It’s been a week for writing, for reading and writing, for tapping and typing and I can’t turn it off even when my fingers aren’t on a keyboard. Is it useful? Useless? Avoidance Therapy?
I even took an hour to actually enjoy the web, buzzing with all manner of pleasurable and intriguing vibes. I read about how Stone Fox was outed. I grinned when Sarah at Momalom played a happy song, and I wandered my housebound head space, returning to Lindsey’s ruminations on (among other things) what feeds the imagination.
I spent time at a variety of other sites pondering everything from institutions that have disappointed me to people that have done the same – and those that haven’t. And I thought about writing, which never disappoints — the act of writing, the energy of writing, the full force of writing as it reinterprets recollection and teases the senses. Writing is friend, family, lover, counselor. Writing is my co-conspirator in mischief-making, my didactic dealer in discovery.
Then I considered Natalie Goldberg, and Writing Down the Bones, a book given to me by a painter friend years ago. Goldberg, and her lessons on specificity. On the necessity of writing practice.
And it hit me.
It’s just another day
In my mind it is morning. I am standing in Starbucks, leaning against a glass barrier, counting down the minutes until doors will be unlocked so I may enter the adjoining bookstore. I’m eyeing an older gentleman at a seemingly simple task: he lingers at the counter after picking up his coffee, fiddling with the cap. This is the spot that is covered in crumbs and spills, where we rarely register the standard choices of whole milk or Half and Half, Splenda or Sweet ‘N Low, spices, stirrers, raw sugar, refined sugar.
The man can’t decide between the shaker of chocolate or cinnamon. He picks up each, one at a time, sprinkles a bit, then stirs, then sips. He hesitates next over the two sorts of milk as if that decision is a significant chore, labors to pour from the closest pitcher, then stirs and sips.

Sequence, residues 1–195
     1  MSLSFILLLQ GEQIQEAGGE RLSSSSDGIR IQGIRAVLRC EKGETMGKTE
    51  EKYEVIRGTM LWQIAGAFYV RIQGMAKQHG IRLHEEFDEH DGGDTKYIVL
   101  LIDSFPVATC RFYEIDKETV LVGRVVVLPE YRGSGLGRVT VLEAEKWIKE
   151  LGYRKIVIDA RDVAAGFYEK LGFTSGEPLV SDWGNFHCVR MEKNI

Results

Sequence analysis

And he begins the routine again.
His air is placid. A broad, irregular scar fans out across his forehead. Whatever caused it, the wound is recent; it is only partially scabbed. He’s seventy if he’s a day, and he appears unfazed as he goes through a third round of the very same set of steps. I wonder if he fell and hit his head, if he is working through the aftermath of a medical procedure, if he needs a hand, a reminder, a kind word. Yet he seems unbothered by those who come and go. He’s nodding and smiling as he repeats the cycle of sprinkling, tasting, stirring, and pouring.
He wears a wedding ring. Someone, somewhere, loves him. And all the while, I’m watching. I’m making mental notes. I’m writing in my head.
The writer in the corner
I see the woman in the corner in my peripheral vision. She looks up, then down, then types a little.
What if the woman in the corner is watching me just as I’m watching someone else? What if she is tapping out her commentary on the disheveled little woman staring rudely at the old man? Is she observing the observer? Writing about the writer?
What if another writer at the far table is now describing her, as she in turn practices her daily act of writing? Is this the age-old conundrum of two mirrors, and the strange effects of the reflection perpetually bent back on itself? Is it nothing more than navel gazing ad nauseum, or is this an exercise – or imagery – worthy of mention?
- If all is fair in love and war, what about writing?
- Is writing on writing always self-indulgent?
- Is any observation potentially of interest?
- What about “Blog not, lest ye be blogged?”
I have no answers; I only know there is a line and also a wide berth. My boundaries will not be your boundaries. My wonderment will not be your wonderment.
Lindsey’s question returns: What feeds the imagination, anyway?
I am keenly aware of my need for observation, participation, participation in observation. Equally, I hunger for thinking, feeling, and thinking about feelings. When I can, I live more fully through adventuring in other languages, other selves, other places. And all of it teases and pleads to be captured on the page so I may better retain the lessons of our two-way mirrors – watchers, doers, thinkers, writers.
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